Cleopatra and Antony: Couple Costume Idea

One of the star romantic couples of history, Cleopatra and Antony remain an enduring legend of love and tragedy. For a couple's costume for a fancy dress ball, costume party, dress-up event, masquerade or Halloween, a couple or friends can pair up as this famous couple.

Because of her reputation as powerful, exotic and seductive, a costume for this famous queen gives a woman an opportunity to make a bold statement with big jewelry, dramatic eye makeup and a form-fitting gown.
The brave and virile Mark Antony was a leader of men and played a key role in history. Men have the option of appearing in uniform or in civilian clothing, depending on the occasion. 

Costume tips for this famous couple can also help if you're making costumes for the couple for a play in a school or community theater.
Egypt Couple Costume

Ready-Made Mail Order Costumes

Ready-made costumes are often casual in their interpretation of garments for the famous pair, making use a of polyester or acrylic knit tunic and cape for a man's costume with faux leather accessories, such as vinyl, and the sort of gold braid available from fabric stores. Cleopatra costumes offer similar options, such as a nylon nightgown or polyester sheath dress with sequins. The size options and quality vary widely by manufacturer. As many people have discovered, one size does not fit all.

Tutankhamun Fashion and Makeup: Egypt's Boy-King Tut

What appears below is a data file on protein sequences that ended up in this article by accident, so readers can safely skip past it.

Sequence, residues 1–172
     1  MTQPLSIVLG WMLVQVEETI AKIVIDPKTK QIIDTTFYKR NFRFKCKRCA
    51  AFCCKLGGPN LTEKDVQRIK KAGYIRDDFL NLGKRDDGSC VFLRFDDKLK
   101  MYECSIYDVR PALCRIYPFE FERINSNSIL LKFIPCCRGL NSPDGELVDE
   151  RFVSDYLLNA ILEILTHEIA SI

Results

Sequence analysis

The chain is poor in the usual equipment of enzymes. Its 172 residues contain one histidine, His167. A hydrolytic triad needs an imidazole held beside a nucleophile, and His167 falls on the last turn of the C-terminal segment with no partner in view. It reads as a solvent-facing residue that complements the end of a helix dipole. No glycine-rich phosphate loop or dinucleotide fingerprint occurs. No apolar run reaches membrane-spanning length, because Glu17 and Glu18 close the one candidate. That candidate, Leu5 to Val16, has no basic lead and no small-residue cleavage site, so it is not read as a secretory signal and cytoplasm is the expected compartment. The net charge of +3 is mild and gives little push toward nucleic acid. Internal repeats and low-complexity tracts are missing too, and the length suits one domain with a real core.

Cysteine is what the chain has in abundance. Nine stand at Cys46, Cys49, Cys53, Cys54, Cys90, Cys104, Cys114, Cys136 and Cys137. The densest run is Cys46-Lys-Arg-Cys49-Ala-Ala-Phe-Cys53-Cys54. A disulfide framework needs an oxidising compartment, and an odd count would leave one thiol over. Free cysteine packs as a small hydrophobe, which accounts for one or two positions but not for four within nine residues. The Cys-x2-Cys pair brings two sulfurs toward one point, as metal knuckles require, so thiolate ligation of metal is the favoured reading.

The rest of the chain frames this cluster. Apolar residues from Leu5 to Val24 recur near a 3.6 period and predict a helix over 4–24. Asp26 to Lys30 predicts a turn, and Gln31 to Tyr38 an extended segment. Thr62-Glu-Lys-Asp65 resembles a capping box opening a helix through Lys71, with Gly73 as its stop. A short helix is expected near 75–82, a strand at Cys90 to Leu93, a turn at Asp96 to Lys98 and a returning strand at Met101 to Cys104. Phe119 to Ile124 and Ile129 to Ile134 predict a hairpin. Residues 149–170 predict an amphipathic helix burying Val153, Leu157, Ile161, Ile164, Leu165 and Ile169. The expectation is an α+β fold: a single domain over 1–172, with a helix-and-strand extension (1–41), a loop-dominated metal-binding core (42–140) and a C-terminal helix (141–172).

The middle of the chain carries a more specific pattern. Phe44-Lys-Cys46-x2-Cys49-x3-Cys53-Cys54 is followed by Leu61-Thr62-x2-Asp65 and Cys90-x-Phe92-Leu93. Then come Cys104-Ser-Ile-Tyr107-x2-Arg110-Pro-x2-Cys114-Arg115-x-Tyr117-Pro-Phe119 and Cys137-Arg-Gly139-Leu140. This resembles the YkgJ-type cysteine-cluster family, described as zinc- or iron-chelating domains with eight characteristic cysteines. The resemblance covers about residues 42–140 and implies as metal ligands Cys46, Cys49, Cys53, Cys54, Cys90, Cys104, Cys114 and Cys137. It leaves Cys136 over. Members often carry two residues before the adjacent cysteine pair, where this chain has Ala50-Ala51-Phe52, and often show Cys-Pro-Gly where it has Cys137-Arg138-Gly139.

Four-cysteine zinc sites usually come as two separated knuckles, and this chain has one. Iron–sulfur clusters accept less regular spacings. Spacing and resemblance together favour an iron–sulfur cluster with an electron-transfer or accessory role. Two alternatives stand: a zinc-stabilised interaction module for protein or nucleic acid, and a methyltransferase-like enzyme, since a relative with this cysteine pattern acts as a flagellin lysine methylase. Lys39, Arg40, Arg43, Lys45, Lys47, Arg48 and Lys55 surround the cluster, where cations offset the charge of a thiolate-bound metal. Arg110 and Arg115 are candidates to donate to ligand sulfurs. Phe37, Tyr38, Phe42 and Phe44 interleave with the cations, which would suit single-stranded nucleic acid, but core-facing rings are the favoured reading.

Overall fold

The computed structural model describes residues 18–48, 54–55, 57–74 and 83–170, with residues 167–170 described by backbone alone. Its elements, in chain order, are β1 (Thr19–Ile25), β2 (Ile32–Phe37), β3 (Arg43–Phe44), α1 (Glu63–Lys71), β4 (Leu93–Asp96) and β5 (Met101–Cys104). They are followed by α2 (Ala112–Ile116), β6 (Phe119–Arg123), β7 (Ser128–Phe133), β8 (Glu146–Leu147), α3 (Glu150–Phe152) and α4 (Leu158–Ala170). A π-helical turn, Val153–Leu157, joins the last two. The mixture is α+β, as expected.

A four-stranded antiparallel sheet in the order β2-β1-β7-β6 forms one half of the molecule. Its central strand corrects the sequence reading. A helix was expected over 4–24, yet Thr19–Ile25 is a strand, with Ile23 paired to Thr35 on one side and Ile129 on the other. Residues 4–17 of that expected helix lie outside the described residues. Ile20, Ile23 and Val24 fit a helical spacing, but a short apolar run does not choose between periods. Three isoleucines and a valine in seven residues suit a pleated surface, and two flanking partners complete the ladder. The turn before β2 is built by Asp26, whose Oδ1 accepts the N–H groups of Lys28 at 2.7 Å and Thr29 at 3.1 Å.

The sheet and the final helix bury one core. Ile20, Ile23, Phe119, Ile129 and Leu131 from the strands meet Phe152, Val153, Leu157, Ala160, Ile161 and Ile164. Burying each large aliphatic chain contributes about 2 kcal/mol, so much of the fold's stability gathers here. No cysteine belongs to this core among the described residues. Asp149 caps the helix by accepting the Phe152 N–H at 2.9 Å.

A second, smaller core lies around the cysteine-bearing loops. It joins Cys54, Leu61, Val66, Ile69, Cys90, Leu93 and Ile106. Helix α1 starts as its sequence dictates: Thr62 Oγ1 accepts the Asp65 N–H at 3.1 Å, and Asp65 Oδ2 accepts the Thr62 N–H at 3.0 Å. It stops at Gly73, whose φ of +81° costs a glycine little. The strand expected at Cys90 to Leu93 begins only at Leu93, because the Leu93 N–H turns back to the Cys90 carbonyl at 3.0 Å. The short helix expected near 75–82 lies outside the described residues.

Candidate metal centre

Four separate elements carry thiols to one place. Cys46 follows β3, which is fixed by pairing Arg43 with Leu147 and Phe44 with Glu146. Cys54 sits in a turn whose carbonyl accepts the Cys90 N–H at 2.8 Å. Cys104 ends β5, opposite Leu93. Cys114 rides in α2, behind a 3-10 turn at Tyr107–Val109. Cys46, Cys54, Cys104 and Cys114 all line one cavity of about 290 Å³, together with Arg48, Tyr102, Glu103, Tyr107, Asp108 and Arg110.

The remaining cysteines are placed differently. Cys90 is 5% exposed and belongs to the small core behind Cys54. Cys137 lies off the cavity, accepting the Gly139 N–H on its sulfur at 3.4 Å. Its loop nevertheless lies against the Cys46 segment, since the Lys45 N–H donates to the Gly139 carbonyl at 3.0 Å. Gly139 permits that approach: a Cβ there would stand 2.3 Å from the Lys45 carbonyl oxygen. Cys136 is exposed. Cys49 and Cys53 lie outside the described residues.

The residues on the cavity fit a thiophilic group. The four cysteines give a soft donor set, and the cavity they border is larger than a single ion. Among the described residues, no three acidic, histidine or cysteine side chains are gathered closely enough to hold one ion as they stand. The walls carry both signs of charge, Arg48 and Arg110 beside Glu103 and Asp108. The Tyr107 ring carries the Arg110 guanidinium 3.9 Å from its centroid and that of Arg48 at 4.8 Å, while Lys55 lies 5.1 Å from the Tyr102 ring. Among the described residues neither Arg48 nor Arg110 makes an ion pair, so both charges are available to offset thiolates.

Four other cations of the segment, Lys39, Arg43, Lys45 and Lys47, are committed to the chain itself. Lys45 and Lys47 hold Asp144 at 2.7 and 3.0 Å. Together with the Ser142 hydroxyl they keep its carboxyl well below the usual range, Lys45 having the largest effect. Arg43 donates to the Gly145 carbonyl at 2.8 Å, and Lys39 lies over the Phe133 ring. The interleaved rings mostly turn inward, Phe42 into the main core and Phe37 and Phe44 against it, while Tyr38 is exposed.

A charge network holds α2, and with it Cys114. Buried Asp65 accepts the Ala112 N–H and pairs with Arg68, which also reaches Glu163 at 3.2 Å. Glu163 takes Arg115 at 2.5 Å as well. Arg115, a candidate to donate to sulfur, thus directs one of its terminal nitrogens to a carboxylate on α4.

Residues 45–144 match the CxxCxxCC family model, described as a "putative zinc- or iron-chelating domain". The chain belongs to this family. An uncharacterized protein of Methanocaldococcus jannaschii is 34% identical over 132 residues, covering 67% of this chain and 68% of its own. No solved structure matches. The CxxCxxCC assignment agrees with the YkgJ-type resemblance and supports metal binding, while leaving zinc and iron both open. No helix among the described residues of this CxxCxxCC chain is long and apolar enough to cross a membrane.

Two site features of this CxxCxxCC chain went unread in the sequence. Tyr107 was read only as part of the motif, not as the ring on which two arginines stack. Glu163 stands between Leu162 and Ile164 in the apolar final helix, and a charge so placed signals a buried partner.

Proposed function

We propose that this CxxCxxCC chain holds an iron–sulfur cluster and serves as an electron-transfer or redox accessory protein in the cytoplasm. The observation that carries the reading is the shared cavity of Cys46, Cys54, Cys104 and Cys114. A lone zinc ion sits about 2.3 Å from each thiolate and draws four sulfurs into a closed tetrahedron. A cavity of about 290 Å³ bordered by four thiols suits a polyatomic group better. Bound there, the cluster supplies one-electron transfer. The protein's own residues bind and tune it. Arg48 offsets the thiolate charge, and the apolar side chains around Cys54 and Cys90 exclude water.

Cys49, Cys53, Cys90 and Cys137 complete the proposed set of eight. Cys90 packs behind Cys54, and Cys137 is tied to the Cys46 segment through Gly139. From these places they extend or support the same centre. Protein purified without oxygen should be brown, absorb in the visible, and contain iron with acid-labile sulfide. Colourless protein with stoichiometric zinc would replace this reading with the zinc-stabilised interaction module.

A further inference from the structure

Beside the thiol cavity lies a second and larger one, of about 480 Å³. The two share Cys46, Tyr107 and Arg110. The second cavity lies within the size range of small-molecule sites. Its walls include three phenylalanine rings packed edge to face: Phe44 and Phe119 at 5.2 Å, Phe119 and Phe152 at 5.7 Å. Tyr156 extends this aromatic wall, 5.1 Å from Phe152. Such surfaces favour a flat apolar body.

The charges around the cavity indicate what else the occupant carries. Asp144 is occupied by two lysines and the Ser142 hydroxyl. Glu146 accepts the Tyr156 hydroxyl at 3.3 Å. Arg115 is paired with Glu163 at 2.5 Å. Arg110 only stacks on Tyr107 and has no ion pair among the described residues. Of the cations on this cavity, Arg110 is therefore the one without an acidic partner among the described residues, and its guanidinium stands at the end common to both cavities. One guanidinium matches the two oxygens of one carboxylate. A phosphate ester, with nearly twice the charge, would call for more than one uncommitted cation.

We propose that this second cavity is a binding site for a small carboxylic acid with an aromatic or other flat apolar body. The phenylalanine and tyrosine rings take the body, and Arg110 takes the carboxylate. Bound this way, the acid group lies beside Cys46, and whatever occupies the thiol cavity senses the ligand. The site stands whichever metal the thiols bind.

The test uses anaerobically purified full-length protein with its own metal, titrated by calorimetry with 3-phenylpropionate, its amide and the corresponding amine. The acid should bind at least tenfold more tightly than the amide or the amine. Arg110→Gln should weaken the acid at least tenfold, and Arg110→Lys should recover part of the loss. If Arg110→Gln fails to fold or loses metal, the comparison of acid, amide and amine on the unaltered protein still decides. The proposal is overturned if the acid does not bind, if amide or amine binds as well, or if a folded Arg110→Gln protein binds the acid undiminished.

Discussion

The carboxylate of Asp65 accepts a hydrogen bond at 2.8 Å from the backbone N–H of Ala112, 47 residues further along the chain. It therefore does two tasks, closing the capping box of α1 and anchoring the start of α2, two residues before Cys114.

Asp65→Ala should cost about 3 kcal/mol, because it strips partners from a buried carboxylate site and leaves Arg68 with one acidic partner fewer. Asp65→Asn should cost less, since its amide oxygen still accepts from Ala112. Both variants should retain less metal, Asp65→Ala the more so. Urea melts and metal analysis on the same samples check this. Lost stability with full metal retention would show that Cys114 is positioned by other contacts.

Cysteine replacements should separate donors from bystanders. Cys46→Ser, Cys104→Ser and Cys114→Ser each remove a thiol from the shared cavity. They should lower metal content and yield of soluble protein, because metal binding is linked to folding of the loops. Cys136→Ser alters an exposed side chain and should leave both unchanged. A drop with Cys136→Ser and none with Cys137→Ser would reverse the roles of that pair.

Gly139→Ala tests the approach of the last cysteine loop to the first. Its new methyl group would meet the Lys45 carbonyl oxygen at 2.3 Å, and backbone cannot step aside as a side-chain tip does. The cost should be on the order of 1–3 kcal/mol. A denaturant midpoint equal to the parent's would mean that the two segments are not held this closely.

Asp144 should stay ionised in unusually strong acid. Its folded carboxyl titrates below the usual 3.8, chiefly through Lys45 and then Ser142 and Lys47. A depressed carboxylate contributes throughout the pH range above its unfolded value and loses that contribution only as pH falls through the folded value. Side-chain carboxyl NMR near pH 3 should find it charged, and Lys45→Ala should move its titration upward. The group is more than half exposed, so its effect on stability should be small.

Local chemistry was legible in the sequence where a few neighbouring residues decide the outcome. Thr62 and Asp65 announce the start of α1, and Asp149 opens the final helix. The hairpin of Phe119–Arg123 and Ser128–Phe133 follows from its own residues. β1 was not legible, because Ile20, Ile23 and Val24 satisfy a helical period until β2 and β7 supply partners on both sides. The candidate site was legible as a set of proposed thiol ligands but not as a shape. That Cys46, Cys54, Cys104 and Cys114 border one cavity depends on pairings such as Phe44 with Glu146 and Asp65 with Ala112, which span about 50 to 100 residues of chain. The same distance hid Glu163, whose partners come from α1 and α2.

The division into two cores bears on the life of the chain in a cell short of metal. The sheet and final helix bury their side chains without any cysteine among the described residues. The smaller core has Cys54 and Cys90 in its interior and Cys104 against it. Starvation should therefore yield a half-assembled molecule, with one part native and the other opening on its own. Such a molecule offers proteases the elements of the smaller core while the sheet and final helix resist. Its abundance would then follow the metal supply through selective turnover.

Egypt's boy-king Tut had the finest cosmetics, unguents and perfumes available. His portraits show him wearing the striking eye makeup common to his time and place. The eyeliner defines his eyes and his eyebrows are often extended.

The famous funerary gold mask that covered his mummified face has eyebrows painted to extend as far as the lines of the eyeliner, creating parallel lines toward his temples. Artists then as now often created stylized images, so it isn't possible to know how close the mask or other portraits come to his actual appearance and makeup style. The young king probably wore lip color as well.

A cosmetic jar found in his tomb has a detailed carving of a lion on its lid, and still bore traces of resins from vegetables and animal fat, according to Zahi Hawass's book, Tutankhamun and the Golden Age of the Pharaohs.

Tut, Egypt's boy-king
 A reconstruction of how the young king might have looked includes thick black eyeliner and large ear piercings. The boy king's fine features and full lips give him an androgynous appearance. He would have worn a wig over his shaved head.

Tut's History

Tutankhamun might not have been a particularly celebrated king if it wasn't for the discovery of his sealed tomb. The gold and skillfully-worked artifacts in his rich burial captured the world's imagination. He took the throne of Egypt at about age eight and died at 18. This New Kingdom ruler reigned in the 18th Dynasty, from c. 1332 to 1323. His reign seems to have been unremarkable.

He was the son of Akhenaten, the heretic pharaoh who may have been succeeded by his wife, Nefertiti. In 2008 Discovery News reported Hawass's find of an image and inscription in stone referring to Tut and his wife as children of Akhenaten. The discovery confirmed that the young king grew up in el Amarna. Pharaoh Akhenaten became infamous for overthrowing the pantheon of  Egyptian gods and introducing monotheism to Egypt.